MUNICH, Germany -- The leaders of the world's seven richest nations have come to Munich like aging members of a rock band that hasn't yet learned to play music of the new age. They haven't been playing the old tunes very well lately, either. And they're not even very popular any more.
The Group of Seven sounds like the name of a rock band. But they're the heads of Canada, France, Germany, Great Britain, Italy, Japan and the United States. They've been meeting annually since 1975 -- when they were six; Canada joined in 1976 -- for what is called the World Economic Summit.
This year they are Chancellor Helmut Kohl of Germany, who is the host; President Bush; Prime Minister Brian Mulroney of Canada; President Giuliano Amato of Italy; Prime Minister John Major of Great Britain; President Francois Mitterrand of France; and Prime Minister Kiichi Miyazawa of Japan. Also attending as a kind of shadow sovereign is Jacques Delors, president of the Commission of the European Community.
They come to Munich as more and more people in their countries are expressing distrust of established leaders. President Bush, Prime Minister Mulroney and Chancellor Kohl find their popularity at a low ebb. Prime Minister Major has just barely won an election he was expected to lose. Italy seems pleased to have a president to send at all.
They also arrive at a time when their countries are self-absorbed. Germany's unification costs far exceed what anyone expected in human or economic terms. The United States is in the midst of an election campaign focused on internal problems. Japan's economy is sagging.
Unemployment -- the focus of the first summit in 1975 and a recurring issue since -- is high this year in all of the G-7 nations except Japan. The 7.8 percent jobless rate in the United States has dashed Mr. Bush's hopes of coming to the summit with a strong recovery at home. Sixteen million people are unemployed in the summit countries.
Treasury Secretary Nicholas F. Brady stressed last week that the U.S. delegation in Munich would push the necessity to maintain a growing world economy. But there is little agreement on how to coordinate international trade, interest rates and investments.
The summit will be held in the royal splendor of the Residenz, a sprawling assortment of rococo and baroque palaces and courtyards that was the seat of the Bavarian princes until 1918.
The chief guest will be Russian President Boris N. Yeltsin, who will come to lunch Wednesday after the meeting has formally ended.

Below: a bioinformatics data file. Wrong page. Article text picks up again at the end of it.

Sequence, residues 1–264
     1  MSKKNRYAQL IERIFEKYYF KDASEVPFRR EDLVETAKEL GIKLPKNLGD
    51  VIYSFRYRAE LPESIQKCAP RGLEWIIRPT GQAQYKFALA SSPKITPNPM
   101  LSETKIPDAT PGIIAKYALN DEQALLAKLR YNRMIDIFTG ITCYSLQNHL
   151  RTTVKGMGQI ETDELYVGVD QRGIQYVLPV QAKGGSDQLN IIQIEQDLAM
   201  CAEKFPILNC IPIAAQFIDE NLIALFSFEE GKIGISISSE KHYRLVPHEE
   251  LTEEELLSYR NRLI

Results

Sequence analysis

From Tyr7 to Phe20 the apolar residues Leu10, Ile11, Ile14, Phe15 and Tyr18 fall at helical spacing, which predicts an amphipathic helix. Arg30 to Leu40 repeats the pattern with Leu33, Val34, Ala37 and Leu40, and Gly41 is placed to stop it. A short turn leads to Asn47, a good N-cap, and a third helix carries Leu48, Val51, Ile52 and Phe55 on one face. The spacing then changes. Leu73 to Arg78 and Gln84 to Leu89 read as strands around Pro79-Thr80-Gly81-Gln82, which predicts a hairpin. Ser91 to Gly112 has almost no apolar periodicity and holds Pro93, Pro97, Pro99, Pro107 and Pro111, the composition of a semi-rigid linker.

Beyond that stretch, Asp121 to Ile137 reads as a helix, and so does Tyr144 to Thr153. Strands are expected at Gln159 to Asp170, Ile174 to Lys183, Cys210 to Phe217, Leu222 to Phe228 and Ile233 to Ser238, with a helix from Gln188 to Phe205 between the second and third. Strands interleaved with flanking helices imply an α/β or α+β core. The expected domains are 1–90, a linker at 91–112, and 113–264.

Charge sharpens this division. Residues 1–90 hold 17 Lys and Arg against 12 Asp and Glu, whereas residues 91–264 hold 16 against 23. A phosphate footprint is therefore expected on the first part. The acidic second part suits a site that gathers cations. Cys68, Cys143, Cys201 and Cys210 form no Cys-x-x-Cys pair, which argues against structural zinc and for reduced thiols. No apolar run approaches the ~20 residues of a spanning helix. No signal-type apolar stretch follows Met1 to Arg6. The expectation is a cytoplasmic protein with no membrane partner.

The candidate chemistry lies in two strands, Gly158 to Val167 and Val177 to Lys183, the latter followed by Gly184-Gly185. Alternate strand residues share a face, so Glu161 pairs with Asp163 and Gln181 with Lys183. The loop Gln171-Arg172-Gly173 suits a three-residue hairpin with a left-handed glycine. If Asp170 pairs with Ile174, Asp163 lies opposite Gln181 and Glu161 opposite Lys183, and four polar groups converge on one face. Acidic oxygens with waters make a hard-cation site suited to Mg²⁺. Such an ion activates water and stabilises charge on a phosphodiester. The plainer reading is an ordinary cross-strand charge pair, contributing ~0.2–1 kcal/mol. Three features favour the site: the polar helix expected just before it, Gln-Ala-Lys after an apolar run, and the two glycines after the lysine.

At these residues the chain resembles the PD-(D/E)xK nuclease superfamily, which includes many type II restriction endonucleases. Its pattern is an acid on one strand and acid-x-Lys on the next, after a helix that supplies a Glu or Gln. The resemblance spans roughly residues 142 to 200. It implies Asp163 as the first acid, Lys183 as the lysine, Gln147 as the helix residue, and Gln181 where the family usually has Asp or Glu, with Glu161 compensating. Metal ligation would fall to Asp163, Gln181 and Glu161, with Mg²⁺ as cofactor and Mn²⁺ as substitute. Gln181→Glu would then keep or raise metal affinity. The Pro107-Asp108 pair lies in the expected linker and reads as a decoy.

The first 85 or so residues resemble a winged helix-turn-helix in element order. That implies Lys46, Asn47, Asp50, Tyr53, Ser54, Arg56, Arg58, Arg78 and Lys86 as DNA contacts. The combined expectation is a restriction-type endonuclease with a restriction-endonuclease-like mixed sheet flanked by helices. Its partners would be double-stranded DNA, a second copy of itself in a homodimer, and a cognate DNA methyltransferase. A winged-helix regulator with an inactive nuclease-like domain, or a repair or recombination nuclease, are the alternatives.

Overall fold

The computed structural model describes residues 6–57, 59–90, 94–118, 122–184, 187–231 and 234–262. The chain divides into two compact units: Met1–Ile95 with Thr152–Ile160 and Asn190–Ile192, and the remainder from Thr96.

President Bush suggests Mr. Yeltsin's Russia is the eighth member of the G-7, an idea that has gone nowhere. England and Germany say not now. Dieter Vogel, the German government spokesman here, said Russia does not have the economic or political qualifications.
Japan opposes Russian membership until the two nations' territorial dispute is resolved. The Japanese want the Russians to remove themselves from the Kuril Islands the Soviet Union occupied at the end of World War II.
Mr. Yeltsin says he will not ask for admission to the G-7 but will press for financial assistance.
He wants at least to be allowed to delay payment of the former Soviet Union's $68 billion in debts. of which Russia has assumed about two-thirds. A consensus of the delegations here indicates he will get a dispensation of at least two years.
The International Monetary Fund had wanted Russia to curb inflation, running at 1,000 percent, and halt supports for oil that hold prices in Russia far below world levels.
An infuriated Mr. Yeltsin said Saturday that he would not come to Munich to beg for aid.
The United States is working to get him a firm pledge from the G-7 nations to deliver the $24 billion aid package he has been promised. At the Residenz, delegates say he probably will get this money, and yesterday's IMF announcement on extending a $1 billion advance to Russia seemed to set the course.
Aid to Russia and plans to get the world economy moving again are believed to be the only things that have a chance of gaining approval here.
As the delegations arrived and settled in yesterday, it seemed that the General Agreement on Tariffs and Trade would remain unresolved. Politics and protectionism make GATT simply too hot to handle during three days in July.
Mr. Bush believes the GATT talks are vital to world economic growth. But pushing the issue risks a repeat of the past two summits, when pledges for a political push to the trade talks went nowhere.
U.S. Treasury Secretary Nicholas F. Brady said last week that GATT should wait until September. As the meeting opens, it appears that it will.
Worldwide environmental problems and the related issues of making old Soviet nuclear reactors safe are on the agenda. Money may even be forthcoming to fix the reactors. Germany worries about them and wants them secure. And Germany is, after all, the host.
A European diplomat said he thinks the hard questions will be asked at this summit.
"But," he said, "I don't think we should expect something clear and decisive to emerge."